Wednesday, October 31, 2012

Candy sushi for Halloween

I'm not really into Halloween.  It was not something that my family 'celebrated' growing up, and it was similarly irrelevant to my husband's family.  Actually, I think for most of New Zealand, Halloween had about the same relevance as say, Thanksgiving in America.  In the last few years I've noticed huge pushes in shops to stock Halloween merchandise.  I'm not taking this celebration up, basically because I sense merchandisers would like me to.  Children who get past the security gate on our property will be politely told that we think it is unsafe to request lollies from strangers, and that we additionally don't consider being 'tricked' for not supplying lollies to be an acceptable response.

That being said, I am thrilled to be invited to share meaningful celebrations with other families.  To a friend of the family, Halloween was very relevant to her family growing up.  She has always tried to celebrate it with a giant family friendly BBQ.  We enjoyed the Halloween BBQ last year, and look forward to it again tonight.  It has also proved to be a great way of explaining to our daughter what makes families unique - after all, few Kiwi families celebrate Chinese New Year or the Moon Festival.

A few days ago I was in Auckland and had two hours BY MYSELF to go shopping on Queen St.  I went to my sacred shopping sites of Japanese dollar stores.  I found a DIY candy sushi making kit in the 'Made in Nippon' shop close to our hotel.  We decided to make candy sushi for Halloween as part of our contribution to the BBQ.

It is a bit wonky.  Having a two-year-old yell "TURN, TURN" any time her sister did anything made everything challenging.  My daughter and I both had a lot of fun dropping orange goo into a solution.  When dripped in the goo immediately set as orange spheres.  So I've managed to get a little molecular gastronomy out of the system and the kids have lovely sticky fingers. 

It has made me think though of making some kind of dessert sushi for my daughter's looming birthday.  Coconut in place of rice?  I'll think about it.

Tuesday, October 16, 2012

RIP Elderflower tree

My beloved elderflower tree is only 1/8th mine.  I live in a complex with a body corporate and the land where the tree is, while directly behind my property and not indeed visible to most of the houses, is on communal land.  For the last three or four years I have looked forward to spring and making delicious elderflower cordial.  Another friend has made elderflower champagne for her friends from this tree and this was going to be the year that I got up the ladder and harvested the berries for jam.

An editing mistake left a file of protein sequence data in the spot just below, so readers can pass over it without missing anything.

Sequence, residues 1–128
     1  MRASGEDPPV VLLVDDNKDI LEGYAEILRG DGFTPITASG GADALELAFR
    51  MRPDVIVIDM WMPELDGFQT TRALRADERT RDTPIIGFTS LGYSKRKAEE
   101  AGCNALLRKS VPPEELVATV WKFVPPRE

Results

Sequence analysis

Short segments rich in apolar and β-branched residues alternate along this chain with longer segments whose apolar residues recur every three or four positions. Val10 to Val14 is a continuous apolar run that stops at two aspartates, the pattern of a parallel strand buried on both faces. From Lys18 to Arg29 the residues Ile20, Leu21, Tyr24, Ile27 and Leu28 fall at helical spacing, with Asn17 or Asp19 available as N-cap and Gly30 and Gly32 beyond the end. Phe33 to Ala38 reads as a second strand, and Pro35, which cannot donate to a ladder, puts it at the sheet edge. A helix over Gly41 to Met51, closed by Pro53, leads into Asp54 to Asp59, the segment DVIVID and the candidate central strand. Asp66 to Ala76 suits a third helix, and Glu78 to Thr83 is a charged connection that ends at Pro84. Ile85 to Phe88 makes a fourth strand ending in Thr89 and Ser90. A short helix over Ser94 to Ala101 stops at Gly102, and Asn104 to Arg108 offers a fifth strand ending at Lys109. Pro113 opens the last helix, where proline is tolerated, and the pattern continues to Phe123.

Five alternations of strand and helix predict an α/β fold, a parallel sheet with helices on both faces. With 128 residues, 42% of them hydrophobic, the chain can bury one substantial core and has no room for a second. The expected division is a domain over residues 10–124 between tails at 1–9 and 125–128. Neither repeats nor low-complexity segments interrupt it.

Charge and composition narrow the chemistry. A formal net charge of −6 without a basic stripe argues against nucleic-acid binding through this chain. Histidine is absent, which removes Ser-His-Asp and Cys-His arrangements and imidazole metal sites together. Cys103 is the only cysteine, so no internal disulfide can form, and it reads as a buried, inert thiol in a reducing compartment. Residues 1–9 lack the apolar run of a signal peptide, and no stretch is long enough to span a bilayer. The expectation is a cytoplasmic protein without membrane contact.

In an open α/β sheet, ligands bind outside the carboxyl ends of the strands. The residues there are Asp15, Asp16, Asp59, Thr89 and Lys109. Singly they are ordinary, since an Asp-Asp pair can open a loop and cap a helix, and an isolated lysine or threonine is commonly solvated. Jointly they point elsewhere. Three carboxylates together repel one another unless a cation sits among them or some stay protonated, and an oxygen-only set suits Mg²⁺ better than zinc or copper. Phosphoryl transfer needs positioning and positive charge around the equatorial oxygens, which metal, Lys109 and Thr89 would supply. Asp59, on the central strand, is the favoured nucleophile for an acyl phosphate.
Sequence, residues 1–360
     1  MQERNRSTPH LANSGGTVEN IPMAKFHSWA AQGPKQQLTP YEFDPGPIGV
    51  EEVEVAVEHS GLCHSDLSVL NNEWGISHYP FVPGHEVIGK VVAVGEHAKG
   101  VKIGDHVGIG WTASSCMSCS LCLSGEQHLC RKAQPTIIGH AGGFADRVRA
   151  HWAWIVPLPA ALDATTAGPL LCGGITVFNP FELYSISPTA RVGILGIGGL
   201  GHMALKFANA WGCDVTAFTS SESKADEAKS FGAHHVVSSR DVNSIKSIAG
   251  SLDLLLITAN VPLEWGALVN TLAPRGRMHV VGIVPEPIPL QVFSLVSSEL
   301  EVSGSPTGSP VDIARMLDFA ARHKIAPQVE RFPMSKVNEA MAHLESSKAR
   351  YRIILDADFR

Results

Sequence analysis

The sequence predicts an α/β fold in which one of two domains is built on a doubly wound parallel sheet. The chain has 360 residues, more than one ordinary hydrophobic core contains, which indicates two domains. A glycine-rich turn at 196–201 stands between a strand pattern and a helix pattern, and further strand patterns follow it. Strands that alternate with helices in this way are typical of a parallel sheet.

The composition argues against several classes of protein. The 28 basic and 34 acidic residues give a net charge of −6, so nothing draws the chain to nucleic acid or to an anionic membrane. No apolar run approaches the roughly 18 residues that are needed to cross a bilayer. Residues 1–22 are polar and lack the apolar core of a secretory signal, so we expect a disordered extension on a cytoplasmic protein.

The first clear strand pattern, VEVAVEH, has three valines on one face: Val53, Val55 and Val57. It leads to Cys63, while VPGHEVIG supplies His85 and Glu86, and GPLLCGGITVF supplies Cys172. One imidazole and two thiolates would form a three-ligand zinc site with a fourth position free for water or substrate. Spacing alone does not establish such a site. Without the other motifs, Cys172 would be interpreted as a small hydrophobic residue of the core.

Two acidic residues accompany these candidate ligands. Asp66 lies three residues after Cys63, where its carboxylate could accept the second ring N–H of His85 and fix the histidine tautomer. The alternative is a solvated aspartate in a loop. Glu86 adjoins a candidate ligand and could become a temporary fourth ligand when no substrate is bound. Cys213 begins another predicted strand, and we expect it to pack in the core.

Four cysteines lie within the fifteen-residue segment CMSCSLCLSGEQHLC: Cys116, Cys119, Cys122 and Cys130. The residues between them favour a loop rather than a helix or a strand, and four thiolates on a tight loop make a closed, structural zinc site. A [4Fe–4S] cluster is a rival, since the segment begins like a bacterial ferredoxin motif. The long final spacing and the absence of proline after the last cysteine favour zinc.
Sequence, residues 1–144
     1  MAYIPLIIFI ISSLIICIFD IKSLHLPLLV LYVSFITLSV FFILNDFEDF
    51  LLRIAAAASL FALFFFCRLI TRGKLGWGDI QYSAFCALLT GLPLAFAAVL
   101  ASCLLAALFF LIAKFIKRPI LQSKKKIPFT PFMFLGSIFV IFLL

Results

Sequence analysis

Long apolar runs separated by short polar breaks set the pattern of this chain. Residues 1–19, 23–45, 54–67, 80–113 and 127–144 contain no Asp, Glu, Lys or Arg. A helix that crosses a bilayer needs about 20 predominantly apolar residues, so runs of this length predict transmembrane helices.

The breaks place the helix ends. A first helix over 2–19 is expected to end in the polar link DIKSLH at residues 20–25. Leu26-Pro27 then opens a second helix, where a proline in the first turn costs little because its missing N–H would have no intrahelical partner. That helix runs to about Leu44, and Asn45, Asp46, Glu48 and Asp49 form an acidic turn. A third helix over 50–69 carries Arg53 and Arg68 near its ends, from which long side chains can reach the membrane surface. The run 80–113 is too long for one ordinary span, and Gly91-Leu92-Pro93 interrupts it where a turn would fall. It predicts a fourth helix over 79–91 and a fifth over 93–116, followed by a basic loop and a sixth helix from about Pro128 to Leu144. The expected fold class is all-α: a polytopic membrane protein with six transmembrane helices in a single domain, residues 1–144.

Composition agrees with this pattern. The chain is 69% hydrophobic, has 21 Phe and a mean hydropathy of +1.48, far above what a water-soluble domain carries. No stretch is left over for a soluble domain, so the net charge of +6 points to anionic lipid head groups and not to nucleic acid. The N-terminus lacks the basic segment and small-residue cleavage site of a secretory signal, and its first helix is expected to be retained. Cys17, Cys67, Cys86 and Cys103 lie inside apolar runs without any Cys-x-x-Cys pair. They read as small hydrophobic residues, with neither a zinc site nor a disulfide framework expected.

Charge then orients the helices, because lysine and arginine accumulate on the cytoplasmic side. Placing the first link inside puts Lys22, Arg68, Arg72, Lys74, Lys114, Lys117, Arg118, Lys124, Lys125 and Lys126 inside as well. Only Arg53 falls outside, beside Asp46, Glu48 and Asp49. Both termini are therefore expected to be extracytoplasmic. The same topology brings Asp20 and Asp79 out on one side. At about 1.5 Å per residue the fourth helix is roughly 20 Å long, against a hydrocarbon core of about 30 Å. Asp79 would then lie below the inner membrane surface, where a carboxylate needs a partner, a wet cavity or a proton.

We have a drain problem.  Our property has flooded during some of Wellington's more extreme rainfall.  Tree roots blocking the drains seems the most likely reason. The tree surgeons arrive tomorrow.

I'm thrilled with the decision to remove 95% of the trees.

But losing the elderflower really hurts.

This time last year I was making elderflower cordial for my daughter's crèche teachers as a farewell gift. Now she has been at school for a year and my youngest daughter is helping me to make the cordial. Making cordial is a great activity for a two year old - they can scoop sugar (there is a lot of sugar in elderflower cordial), squeeze lemons and oranges and help to collect the flowers.

I'm going to take cuttings tomorrow, and friends have offered me access to their known elderflower haunts.  But I'm really, really going to miss 'my' tree.

Thursday, October 11, 2012

Platter and more Elderflower

It is Elderflower cordial time again!  Check the link for elderflower cordial and champagne recipes.  This year I've made two big bottles and then I had about two cups left over and no storage bottle.  I had a brainwave and put it in a pot and boiled it down to syrup.  If you boil it until reduced by half you will have the most deliciously concentrated syrup.  I've frozen mine (well, it wont freeze because it is too syrupy but I am storing it in the freezer).  I'm going to use it to make gelato and to drizzle over sorbet.  You can also use it like cordial, with just the tiniest amount (about a teaspoon) generously flavouring a glass of water.